One of the easiest ways to avoid mite infestations is to create a quarantine area for new plants. This protects established plants from new infestations and gives you the time needed to see if a new plant is carrying any pests or diseases. Also, proper irrigation reduces water stress in established plants, making them better able to protect themselves. Mites prefer dusty conditions, so keeping garden paths, trees, shrubs and other areas clean can significantly discourage mites. Encouraging beneficial insects, such as lady beetles, lacewing, and pirate bugs, by providing water and habitat, can significantly reduce mite populations without the use of pesticides or sprays.
Over-watering container plants is surprisingly common. According to the University of California, improper irrigation is the #1 cause of plant problems.
Unfortunately, the signs of too much water look an awful lot like the signs for not enough water: yellowing, wilted leaves, stunted growth, and leaf drop are just a few of the signs for both problems.
Rather than drowning your plants, allow the soil to dry out between waterings. Don't guess! Physically look at the soil at root level to check on the roots' living conditions. An inexpensive moisture meter can be purchased at any garden supply store.
As critical as water is for good plant health, this is not a time to assume your plants are getting the water you give them. Soil structure can move water away from roots. When plants show water stress symptoms, dig down next to the root system to make sure the water is going where it is needed.
Blossom end rot is the bane of tomato growers. It starts as small brown spots on the bottom of the fruit and expands to a large, sunken brown or black leathery area.
Contrary to popular belief, calcium deficiency in the soil is rarely what causes blossom end rot.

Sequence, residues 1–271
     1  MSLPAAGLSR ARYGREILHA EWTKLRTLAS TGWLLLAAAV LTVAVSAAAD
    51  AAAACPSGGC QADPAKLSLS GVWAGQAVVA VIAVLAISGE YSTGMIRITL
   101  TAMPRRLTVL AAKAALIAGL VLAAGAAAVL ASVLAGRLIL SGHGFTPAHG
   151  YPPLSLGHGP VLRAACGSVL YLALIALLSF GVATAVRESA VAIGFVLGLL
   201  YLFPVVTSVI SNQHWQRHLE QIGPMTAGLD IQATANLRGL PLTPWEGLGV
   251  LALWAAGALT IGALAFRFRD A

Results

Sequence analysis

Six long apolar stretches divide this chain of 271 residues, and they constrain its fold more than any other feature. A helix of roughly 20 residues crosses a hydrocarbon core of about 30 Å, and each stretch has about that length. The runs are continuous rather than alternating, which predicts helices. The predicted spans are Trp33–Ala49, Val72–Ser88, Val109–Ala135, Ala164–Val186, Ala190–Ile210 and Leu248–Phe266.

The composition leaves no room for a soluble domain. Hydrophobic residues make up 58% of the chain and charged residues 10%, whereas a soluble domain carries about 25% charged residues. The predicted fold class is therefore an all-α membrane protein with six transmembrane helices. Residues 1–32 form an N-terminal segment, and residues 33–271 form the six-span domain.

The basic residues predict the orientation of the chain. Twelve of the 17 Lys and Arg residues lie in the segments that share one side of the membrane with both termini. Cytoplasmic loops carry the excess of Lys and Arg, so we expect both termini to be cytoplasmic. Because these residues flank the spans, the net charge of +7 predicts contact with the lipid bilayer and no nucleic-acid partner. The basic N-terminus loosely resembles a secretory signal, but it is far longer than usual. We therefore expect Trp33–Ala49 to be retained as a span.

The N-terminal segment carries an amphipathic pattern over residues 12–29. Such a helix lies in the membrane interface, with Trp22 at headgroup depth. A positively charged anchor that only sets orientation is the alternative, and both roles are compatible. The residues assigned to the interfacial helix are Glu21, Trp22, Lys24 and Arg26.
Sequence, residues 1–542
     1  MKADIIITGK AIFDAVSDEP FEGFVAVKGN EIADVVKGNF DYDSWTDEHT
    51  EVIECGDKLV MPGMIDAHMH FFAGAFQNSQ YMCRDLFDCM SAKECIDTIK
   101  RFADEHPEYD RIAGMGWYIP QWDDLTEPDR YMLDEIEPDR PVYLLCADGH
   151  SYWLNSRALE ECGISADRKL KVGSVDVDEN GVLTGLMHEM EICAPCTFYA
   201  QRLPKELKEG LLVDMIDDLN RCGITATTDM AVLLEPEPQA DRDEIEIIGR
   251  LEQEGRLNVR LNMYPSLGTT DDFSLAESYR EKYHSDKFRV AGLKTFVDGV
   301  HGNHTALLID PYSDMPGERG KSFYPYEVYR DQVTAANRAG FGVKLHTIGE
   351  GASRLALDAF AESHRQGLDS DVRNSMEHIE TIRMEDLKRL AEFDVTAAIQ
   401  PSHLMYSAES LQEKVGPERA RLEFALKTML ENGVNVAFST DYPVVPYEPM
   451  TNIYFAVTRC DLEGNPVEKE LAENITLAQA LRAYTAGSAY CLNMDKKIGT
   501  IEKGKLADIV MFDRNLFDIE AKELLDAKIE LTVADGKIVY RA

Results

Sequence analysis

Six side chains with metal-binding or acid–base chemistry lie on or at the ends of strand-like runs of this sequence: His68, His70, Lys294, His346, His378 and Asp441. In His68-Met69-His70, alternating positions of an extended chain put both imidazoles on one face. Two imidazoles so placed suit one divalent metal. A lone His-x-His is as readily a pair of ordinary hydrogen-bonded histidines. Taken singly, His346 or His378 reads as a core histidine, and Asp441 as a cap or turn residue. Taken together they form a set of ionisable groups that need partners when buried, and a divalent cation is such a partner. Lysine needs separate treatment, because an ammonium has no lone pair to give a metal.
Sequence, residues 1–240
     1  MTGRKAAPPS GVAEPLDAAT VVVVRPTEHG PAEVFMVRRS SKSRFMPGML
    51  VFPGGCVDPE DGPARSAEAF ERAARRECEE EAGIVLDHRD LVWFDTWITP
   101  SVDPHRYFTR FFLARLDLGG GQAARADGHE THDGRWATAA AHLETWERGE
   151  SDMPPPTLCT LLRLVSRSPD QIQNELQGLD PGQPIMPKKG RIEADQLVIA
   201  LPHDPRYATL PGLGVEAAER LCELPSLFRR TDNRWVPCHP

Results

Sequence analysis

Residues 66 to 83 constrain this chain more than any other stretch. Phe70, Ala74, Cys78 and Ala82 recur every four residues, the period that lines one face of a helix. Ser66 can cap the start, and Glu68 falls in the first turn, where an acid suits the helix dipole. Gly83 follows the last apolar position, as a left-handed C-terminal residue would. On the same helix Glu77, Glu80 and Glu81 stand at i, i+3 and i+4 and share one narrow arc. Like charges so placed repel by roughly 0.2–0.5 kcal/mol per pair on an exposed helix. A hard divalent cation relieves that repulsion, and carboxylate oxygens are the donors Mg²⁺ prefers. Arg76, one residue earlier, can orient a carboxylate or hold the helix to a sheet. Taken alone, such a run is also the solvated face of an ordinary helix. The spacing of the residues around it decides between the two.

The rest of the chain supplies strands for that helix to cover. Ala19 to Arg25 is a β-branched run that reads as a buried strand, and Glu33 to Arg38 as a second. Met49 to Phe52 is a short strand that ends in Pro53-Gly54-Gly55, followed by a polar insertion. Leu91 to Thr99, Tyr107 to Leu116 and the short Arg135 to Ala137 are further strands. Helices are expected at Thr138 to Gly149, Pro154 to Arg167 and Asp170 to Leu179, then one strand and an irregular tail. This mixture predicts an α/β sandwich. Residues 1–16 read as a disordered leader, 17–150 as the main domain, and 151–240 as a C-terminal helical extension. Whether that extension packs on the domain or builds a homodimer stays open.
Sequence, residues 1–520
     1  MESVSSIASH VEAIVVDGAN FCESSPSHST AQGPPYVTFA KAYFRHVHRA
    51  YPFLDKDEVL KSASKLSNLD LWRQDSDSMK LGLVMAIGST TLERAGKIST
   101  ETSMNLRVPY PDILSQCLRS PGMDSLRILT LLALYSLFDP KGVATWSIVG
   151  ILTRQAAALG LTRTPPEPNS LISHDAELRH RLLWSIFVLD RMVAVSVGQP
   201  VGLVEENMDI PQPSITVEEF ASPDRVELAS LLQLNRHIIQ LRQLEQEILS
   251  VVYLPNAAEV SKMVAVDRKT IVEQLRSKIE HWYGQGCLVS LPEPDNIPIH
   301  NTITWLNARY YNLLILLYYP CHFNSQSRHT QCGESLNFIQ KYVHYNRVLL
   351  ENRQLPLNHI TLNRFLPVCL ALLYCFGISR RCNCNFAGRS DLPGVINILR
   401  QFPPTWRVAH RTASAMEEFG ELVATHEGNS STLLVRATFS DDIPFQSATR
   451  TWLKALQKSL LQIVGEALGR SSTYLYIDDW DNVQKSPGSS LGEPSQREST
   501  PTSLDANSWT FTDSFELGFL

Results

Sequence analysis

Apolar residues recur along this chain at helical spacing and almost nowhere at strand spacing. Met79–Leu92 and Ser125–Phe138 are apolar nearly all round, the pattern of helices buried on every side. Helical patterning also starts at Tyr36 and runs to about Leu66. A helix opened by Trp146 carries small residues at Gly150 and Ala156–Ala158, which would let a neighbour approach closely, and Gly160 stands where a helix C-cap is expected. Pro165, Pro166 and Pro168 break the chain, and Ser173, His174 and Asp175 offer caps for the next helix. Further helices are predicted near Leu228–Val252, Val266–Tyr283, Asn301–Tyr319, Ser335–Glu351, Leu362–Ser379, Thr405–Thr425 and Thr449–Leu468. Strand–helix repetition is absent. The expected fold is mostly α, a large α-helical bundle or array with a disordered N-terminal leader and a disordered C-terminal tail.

Most soils contain plenty of calcium. There are exceptions and the only way to know for sure is with an affordable, lab-based soil test. I urge everyone to get their soil tested every few years. The information is invaluable. But back to blossom end rot.
Blossom end rot occurs when calcium and irrigation are out of balance. Calcium is an “immobile” nutrient, which means it is very difficult (i.e., uses a lot of water) to move around inside the plant after it has been absorbed. Regular, frequent irrigation during the growing season provides plants with the water they need to get calcium where they need it.
Blossom end rot conditions are made worse when salt levels are too high due to over-fertilizing. Lime can be added to provide calcium. When watering, be sure that the roots are neither dried out or saturated.
Blossom end rot can also affect summer squashes, such as zucchini. A similar problem, called bitter pit, affects apples. In either case, the rotten part can be cut out and the rest of the fruit is fine for eating.
Now you know.
You can grow a surprising amount of food in your own yard. Ask me how!